Development in Strathcona began with the arrival of the Calgary and Edmonton Railway line in 1891. Early development centred on the area of Whyte (82nd) Avenue, now called Old Strathcona. Subsequent commercial development extended along Whyte Avenue, where a streetcar line joined Strathcona and downtown Edmonton (via 99th Street) from 1908 to 1949. The neighbourhood became part of Edmonton when the City of Strathcona amalgamated with Edmonton in 1912.
While Strathcona is noted for its stock of well-maintained renovated older homes, walk-up and high-rise apartments supply the majority of dwelling units. The apartments are located near major traffic routes, which provide access to major commercial, educational, and employment centres downtown and at the University of Alberta.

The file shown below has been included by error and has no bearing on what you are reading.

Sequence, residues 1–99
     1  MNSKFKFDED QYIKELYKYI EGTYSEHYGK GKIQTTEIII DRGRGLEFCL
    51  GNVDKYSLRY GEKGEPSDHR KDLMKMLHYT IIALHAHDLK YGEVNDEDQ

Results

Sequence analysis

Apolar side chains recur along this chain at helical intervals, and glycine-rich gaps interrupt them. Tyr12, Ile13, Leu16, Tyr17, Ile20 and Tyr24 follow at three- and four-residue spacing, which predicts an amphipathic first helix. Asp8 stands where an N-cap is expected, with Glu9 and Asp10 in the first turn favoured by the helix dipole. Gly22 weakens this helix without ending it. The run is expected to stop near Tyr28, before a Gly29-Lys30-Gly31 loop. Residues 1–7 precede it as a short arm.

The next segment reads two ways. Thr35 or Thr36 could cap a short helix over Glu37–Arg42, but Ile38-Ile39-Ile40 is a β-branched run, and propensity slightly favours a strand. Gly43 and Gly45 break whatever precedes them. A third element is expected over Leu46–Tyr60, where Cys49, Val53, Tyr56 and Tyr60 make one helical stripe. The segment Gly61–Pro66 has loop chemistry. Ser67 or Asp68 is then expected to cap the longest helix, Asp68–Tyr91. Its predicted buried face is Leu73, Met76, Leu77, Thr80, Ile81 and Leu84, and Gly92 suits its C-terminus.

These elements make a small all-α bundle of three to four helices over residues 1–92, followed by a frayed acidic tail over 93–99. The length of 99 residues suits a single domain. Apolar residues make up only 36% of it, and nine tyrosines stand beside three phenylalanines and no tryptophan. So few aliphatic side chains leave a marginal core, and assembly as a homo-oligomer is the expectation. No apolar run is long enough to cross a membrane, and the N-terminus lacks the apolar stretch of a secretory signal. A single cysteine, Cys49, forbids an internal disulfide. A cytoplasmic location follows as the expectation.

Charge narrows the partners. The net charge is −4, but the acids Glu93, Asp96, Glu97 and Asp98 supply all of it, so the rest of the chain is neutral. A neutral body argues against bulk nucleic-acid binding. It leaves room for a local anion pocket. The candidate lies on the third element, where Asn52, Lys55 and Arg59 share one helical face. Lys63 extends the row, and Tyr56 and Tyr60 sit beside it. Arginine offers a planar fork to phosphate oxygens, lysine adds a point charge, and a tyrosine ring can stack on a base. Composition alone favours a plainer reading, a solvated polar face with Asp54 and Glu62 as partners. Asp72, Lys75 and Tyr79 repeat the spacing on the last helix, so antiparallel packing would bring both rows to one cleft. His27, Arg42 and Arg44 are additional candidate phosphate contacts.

Outdoor recreation areas are close at hand for Strathcona residents with the North Saskatchewan River Valley to the north and Mill Creek Ravine to the east. Beginning in the 1980s, public and private initiatives rejuvenated the Old Strathcona area as an entertainment and commercial hub with an “old town” ambience.
Strathcona was named for Lord Strathcona, Hudson Bay Company Governor (1889–1914) and the man chosen to drive the last spike of the CPR transcontinental railway